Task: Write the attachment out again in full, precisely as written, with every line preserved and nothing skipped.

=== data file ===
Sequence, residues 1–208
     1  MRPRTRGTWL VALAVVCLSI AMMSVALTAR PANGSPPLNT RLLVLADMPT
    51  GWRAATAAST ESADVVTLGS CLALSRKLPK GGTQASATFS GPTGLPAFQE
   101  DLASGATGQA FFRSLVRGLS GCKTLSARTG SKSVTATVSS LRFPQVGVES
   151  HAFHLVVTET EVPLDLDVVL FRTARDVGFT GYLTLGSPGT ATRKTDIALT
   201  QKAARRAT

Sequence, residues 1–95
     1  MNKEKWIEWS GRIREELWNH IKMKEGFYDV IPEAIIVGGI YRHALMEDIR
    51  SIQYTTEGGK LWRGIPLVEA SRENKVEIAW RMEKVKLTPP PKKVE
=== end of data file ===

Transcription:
Sequence, residues 1–208
     1  MRPRTRGTWL VALAVVCLSI AMMSVALTAR PANGSPPLNT RLLVLADMPT
    51  GWRAATAAST ESADVVTLGS CLALSRKLPK GGTQASATFS GPTGLPAFQE
   101  DLASGATGQA FFRSLVRGLS GCKTLSARTG SKSVTATVSS LRFPQVGVES
   151  HAFHLVVTET EVPLDLDVVL FRTARDVGFT GYLTLGSPGT ATRKTDIALT
   201  QKAARRAT

Sequence, residues 1–95
     1  MNKEKWIEWS GRIREELWNH IKMKEGFYDV IPEAIIVGGI YRHALMEDIR
    51  SIQYTTEGGK LWRGIPLVEA SRENKVEIAW RMEKVKLTPP PKKVE